Much of this Canberra edition of Meanjin focuses on built form and town-planning, which is both unsurprising and perfectly reasonable for a city famous for being designed from the ground up.  And it was certainly a resonating experience to undertake my first degree, landscape architecture, in a place where landscape and architecture are so important.  However, these things are not what I enjoyed the most; these things are not what have ultimately made me remember my time in Canberra with great fondness, often love.  In Canberra I discovered who I was, I met people, I fell in love.  Critically, it seemed – and still seems – a place where pre-judgement isn’t the preferred modus operandi.  Is there really much difference between getting drunk or getting stoned?  Do we wish to demonise people who sell sex and people who pay for sex?  For some years now, Canberra – the society of 380,000 people, not the hollow, hill-top political machine – has been asking the question about whether or not marriage is about gender.  And isn’t it time that the nation stood on its own two feet and became a republic?

Town living

Two old mates, three big rocks, a mountain range off screen, as is a great modern city called Canberra.

Two old mates, three big rocks, a mountain range off screen, as is a great modern city called Canberra.

Almost three years I moved out of Canberra into neighbouring regional New South Wales.  Why?  Cheaper housing – most writers can’t afford big-city mortgages, even the rent.  And I appreciate small-town life.  And old stuff.  Canberra has a rich heritage – Aboriginal, natural, and built – but it’s not the crumbly, slightly depressing sort.  And I’m a big fan of the crumbly, slightly depressing sort.  So these days I live in my little old 1895-era cottage called Leitrim, and I spend my weekends patching up cracks that keep appearing in the walls and I collect firewood for a fire on these cold, damp nights, and I’m as happy as Julia Gillard on a Sunday arvo sitting on the couch in her jim-jams with a glass of red while watching Bruce Willis bash it up in Die Hard.  I love walking down to the mainstreet to visit the post office, which is a truly spectacular late nineteenth-century marvel, and doing a few transactions in a bank where the people know my name, before wandering home through  hidden laneways.  When Goulburn’s good, she’s heart-stopping spectacular.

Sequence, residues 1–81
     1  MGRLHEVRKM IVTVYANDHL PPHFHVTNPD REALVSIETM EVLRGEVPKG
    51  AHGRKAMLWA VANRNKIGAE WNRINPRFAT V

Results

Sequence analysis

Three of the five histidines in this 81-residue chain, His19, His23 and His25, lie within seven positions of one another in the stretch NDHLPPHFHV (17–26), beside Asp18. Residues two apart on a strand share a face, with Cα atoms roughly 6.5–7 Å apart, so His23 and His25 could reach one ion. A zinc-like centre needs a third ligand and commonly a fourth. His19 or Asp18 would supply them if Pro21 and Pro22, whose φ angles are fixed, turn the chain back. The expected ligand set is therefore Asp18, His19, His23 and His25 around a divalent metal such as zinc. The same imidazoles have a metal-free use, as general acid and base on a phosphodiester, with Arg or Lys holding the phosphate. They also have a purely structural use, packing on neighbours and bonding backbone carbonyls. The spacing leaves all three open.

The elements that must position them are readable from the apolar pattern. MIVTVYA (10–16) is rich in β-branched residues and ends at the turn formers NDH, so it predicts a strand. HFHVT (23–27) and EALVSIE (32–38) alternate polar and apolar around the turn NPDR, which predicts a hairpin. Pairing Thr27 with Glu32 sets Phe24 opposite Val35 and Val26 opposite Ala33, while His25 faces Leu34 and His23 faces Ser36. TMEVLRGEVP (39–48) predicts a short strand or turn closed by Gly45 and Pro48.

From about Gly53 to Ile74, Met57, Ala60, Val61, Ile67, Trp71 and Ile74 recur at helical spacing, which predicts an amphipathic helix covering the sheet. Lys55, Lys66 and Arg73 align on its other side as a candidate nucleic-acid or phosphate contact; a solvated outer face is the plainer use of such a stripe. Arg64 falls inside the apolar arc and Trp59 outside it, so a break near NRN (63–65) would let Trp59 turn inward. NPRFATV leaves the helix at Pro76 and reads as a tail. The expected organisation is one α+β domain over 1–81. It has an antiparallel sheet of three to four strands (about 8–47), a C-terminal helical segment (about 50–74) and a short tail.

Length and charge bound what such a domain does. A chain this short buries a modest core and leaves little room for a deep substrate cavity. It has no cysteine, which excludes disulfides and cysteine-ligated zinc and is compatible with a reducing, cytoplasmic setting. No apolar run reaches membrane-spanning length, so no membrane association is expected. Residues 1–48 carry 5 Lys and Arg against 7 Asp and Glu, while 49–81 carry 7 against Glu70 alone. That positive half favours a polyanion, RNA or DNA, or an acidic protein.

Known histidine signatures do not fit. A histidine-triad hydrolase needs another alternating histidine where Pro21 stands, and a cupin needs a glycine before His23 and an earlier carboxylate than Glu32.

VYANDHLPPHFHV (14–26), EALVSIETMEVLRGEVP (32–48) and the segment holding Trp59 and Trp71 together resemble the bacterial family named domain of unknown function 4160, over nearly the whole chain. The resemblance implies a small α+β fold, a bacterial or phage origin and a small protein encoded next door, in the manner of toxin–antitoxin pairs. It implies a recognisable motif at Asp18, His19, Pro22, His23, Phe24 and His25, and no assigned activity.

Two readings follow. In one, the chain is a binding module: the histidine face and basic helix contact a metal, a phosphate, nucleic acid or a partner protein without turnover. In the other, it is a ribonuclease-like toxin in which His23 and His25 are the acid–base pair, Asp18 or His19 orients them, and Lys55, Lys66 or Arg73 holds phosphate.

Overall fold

The future

But still I visit Canberra regularly, weekly in fact, and a hump-day highlight is careering through the rolling back-road Southern Tableland landscape, listening to music (the latest Frightened Rabbit has been getting a good run, which make me laugh in this context – the road’s awash with roadkill) and when I cross the border into the ACT it’s always a joy, a hopeful joy.  Because to me that’s what Canberra is about: the future, and how we can craft it anyway we like, even as a society we can do this.  We can honour the past, live in the Brindabella-boundary present – if you’ve never been around to see snow on those ranges then you’re missing the quintessential south-east Australian experience – but keep eyes open to move forward.  It’s this youthfulness that I admire about Canberra – how my own youth once became a kind of ‘manhood’, whatever that is – and the unashamed optimism.  And the fact that many of my friends still live there.